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I’m someone who becomes the leader of every group I am a part of by default.
I’m someone who holds space for others as they lament about the overwhelm of their lives, and offers to take on their burden for them, even though I’m drowning in responsibilities of my own.
I’m the one who every person in my sphere calls when they need support.
When I’m part of a group undertaking, I end up taking on most of the work.
When there’s an issue in any group that I’m a part of, I’m the one who people turn to to solve it.
“Just let me do it,” is my go-to response when others aren’t acting efficiently or effectively enough for my liking.
I give of my time and myself constantly. And happily, too—but let me tell you: I. Am. Exhausted.
And lately, I’ve been hyperaware of a pattern I have. I make myself available to fix everything for everyone, and then I resent being so overused.
I create the circumstances in my life where I’m over-utilized, and then I blame those circumstances for my depletion.
As a transformational coach who constantly coaches others out of self-sabotaging such as this, this has raised some red flags.
So I’ve been reflecting deeply on this pattern, and I’ve realized that the part of me who constantly exclaims, “Just let me do it,” is my inner child whose world was so chaotic that she only felt safe when she was in control. She witnessed bad things happening around her and felt that she was the only one who could help.
This little girl had to become really smart and really powerful really quickly, and she felt that her survival depended upon being a highly effective communicator and a high-functioning person.
This little girl did not have time to waste. She was carefully managing so many people’s emotions and knew that a slipup would have disastrous consequences.
So this little girl learned to do everything herself.
But this little girl is also so sad and so fed up and frustrated. She feels that she missed out on being a kid because she had to grow up so quickly. She was always having to strategize and manage intense family politics, and she missed out on the carefree childhood that so many of her peers got to experience.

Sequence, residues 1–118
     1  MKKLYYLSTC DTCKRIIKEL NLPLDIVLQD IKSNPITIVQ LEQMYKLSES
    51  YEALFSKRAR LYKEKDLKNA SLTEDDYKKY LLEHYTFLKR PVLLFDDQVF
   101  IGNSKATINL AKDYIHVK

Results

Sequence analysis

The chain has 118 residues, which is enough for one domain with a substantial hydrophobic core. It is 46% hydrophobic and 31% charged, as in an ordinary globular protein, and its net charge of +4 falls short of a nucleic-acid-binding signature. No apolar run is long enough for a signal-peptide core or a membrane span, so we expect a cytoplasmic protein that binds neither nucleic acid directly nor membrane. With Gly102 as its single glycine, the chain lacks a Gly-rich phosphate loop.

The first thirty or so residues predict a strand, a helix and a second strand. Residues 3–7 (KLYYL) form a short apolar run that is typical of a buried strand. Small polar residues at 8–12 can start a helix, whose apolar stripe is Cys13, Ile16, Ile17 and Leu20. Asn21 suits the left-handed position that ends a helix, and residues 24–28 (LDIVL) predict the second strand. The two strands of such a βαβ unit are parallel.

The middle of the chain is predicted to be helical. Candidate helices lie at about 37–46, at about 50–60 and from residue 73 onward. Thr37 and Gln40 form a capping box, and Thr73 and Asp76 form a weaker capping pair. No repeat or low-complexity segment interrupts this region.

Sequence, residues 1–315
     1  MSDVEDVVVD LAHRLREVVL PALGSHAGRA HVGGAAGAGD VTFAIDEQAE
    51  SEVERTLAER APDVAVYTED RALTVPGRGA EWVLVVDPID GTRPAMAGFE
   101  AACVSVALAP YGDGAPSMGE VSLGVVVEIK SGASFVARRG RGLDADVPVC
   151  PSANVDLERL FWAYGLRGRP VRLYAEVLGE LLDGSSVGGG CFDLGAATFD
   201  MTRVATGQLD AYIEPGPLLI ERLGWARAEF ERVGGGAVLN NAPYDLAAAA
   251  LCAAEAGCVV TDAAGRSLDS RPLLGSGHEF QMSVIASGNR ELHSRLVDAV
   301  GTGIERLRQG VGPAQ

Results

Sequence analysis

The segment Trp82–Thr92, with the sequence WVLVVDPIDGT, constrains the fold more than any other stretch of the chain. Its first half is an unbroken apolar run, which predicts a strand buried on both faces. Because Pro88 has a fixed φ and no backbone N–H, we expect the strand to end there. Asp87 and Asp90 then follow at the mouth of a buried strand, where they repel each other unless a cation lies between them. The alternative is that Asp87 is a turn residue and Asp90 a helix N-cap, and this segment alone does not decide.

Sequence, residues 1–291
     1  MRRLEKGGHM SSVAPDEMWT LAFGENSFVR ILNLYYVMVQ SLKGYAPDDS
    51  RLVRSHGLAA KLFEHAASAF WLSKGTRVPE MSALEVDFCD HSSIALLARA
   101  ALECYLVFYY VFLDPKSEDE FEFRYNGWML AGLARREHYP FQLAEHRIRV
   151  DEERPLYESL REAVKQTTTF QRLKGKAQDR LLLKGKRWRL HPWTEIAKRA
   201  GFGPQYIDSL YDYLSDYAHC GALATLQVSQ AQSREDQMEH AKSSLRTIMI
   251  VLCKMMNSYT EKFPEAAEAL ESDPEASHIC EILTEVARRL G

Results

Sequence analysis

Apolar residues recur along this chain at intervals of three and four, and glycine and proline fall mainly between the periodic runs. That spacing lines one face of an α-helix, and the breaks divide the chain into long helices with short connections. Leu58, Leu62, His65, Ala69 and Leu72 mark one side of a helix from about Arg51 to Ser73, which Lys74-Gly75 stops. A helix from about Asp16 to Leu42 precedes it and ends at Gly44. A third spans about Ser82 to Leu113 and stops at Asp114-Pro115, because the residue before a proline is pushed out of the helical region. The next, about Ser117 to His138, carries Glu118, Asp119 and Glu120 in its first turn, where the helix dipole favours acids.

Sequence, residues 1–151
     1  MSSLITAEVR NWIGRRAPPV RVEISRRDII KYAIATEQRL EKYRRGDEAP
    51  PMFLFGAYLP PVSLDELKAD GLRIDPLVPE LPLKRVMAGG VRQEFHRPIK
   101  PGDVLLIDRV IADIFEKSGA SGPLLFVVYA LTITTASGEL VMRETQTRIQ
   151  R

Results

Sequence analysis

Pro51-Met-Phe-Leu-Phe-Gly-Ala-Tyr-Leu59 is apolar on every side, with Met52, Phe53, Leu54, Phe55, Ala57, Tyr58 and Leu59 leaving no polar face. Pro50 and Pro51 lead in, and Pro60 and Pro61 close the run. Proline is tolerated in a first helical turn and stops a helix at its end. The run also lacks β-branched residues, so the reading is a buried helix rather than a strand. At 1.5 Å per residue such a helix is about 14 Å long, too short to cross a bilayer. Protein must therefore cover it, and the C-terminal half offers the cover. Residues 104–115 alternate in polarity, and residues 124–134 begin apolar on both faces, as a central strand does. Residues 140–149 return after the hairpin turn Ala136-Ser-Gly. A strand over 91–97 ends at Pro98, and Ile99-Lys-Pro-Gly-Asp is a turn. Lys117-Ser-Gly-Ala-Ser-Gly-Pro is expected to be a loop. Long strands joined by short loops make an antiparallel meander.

So it is the same little girl in me who says “Just let me do it,” “I’ll handle it,” “I’ll take care of it,” who also complains “But why do I always have to do it?” “Why is it always my job to fix things?” “Why do I always have to lead?” “Why do I always have to be the responsible one?”
This little girl in me has always had to bear more than her share of responsibility, so that is what feels comfortable and safe to her; she doesn’t know how to let it be any other way.
The very part of me who only feels safe when she’s in control is the same part of me who is completely and totally fed up with always having to be in control.
Do you witness a pattern like this in yourself?
I watch myself take the reins over and over again, in situation after situation, and then witness as the resentment sets in that once again, I’m the one feeling the weight of responsibility, while those around me seem to be leading more carefree lives.
This self-sabotaging pattern has nauseatingly been on repeat for the entirety of my life. After all, the past repeats itself until it completes itself, and to this day I have still not fully let this little girl off the hook for having to fix everything for every living creature.
So here’s what I’m choosing: I’m choosing to finally let her off the hook.
Rather than judging myself for this form of “self-sabotage,” I am choosing to be copiously compassionate and understanding with this little girl in me who so badly yearns to be carefree but is terrified that others won’t do it right, that people will get hurt, and there will be a bigger mess for her to clean up later. I am choosing to fully love and embrace this confused little girl who has such a huge heart.
She feels alone, like the weight of the world is on her shoulders and it’s up to her to right every wrong.
So now, I am saying to this little girl: the burdens of the world and of those around you are not yours to carry. You have done such a good job of making things right for everyone for so long.
You’re so tired, precious one. It is time for you to rest.
It’s okay if others mess it up. Let them. Let them learn.
It’s okay to allow others to be with their own pain. Their pain is not yours to take on.
Rest now, little one. You’ve done enough.